Women play an unusually active role in the conflict. Since 2000, 43 different suicide bombings have been undertaken in the name of Chechnya’s liberation, involving 63 individuals – 40 percent of whom were female. Of the 43 people whose birthplaces are known, 38 were native to the Caucasus. The most deadly attack by a Black Widow to date was the coordinated bombing of two passenger flights in August 2004, which took 90 lives. Until the Russians’ counterterrorism offensive, the extremism of such attacks had diminished public support for the suicide bombers. The 2004 Beslan school massacre undertaken by Chechan extremists left hundreds of Russian children dead, to the detriment of the Chechan separatist cause. As a separatist spokesman said, “A bigger blow could not have been dealt on us. People around the world will think that Chechens are beasts and monsters if they could attack children.”

The desperation that led to the suicide bombings began in 1999, when the Russians invaded Chechnya and killed 30,000 to 40,000 civilians of a population of about a million. The first suicide attack took place in 2000 – and its perpetrators were female. On June 7, Khava Barayeva and Luiza Magomadova drove into a Russian Special Forces unit with a truck laden with explosives.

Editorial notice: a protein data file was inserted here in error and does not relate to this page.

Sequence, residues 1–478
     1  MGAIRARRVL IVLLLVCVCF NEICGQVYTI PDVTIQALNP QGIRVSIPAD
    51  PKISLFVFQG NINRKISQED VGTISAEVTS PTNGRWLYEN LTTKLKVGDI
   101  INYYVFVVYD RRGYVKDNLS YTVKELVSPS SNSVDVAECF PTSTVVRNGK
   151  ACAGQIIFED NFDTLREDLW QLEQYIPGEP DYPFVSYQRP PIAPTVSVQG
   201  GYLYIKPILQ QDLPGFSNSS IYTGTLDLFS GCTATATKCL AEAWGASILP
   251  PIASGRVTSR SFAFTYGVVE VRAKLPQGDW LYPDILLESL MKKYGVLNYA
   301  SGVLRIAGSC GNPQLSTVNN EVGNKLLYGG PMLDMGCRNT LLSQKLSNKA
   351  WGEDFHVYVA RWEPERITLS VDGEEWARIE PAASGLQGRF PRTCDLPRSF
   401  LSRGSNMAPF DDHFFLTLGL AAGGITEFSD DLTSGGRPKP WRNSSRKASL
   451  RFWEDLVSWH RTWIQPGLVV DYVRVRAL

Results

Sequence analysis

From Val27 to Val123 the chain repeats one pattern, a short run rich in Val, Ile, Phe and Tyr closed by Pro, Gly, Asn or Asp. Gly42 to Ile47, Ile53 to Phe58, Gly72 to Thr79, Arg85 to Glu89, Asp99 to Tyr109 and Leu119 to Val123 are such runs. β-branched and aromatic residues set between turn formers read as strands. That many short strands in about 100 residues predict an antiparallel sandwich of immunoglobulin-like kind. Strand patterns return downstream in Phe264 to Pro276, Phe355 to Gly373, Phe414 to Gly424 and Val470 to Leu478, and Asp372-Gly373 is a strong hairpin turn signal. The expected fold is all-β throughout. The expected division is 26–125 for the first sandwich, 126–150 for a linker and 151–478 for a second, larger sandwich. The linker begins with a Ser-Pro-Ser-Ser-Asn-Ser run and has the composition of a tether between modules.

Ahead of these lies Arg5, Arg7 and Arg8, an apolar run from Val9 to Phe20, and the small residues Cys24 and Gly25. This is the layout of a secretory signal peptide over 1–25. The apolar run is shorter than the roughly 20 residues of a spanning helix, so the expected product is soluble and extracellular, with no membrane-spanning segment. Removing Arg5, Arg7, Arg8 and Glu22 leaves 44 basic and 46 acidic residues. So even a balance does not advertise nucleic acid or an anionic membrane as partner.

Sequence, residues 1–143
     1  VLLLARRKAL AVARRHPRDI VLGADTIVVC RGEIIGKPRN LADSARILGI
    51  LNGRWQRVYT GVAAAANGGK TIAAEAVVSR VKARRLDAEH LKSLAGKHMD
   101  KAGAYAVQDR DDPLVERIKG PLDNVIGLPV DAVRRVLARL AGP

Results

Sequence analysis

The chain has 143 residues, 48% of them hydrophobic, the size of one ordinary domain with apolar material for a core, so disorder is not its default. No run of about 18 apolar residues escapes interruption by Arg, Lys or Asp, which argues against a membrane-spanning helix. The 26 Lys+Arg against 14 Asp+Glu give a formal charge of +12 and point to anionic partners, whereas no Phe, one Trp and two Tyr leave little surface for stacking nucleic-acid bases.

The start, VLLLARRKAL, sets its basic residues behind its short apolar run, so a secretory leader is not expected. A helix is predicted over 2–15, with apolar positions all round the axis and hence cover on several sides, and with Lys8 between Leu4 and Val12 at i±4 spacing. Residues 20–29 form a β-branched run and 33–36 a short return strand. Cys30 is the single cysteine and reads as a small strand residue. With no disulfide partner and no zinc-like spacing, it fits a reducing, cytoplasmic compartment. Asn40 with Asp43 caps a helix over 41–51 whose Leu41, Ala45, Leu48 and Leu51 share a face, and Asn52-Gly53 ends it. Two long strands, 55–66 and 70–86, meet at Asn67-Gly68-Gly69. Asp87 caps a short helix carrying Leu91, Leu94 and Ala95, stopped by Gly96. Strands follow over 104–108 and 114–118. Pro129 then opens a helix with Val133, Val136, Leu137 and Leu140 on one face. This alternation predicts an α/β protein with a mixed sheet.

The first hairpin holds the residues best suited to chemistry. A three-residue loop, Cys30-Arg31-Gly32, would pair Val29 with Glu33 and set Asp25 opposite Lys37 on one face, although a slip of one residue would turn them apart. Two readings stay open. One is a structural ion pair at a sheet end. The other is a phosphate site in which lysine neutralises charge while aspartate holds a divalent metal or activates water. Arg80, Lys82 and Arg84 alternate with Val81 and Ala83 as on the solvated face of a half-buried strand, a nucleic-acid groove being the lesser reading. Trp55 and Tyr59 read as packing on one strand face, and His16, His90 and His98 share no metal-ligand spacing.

Women tend to be more effective than men in Chechnyan suicide bombings, killing an average of 21 people per attack, compared to 13 for males, according to The New York Times. They also tend to assume more risky missions; they travel inconspicuously to their targets, according to a July 2003 investigative report by the Russian magazine Kommersant-Vlast. Chechen women have carried out 8 of the 10 suicide attacks in Moscow.

Yet women’s assumption of the role of suicide bomber has not necessarily corresponded with a shift in opinion surrounding gender roles. Barayeva couched the reasoning behind her attack in gendered language – but she did not by any stretch of the imagination speak from a feminist perspective. In her martyr video, she exhorted Chechen men to “not take the woman’s role by staying at home.”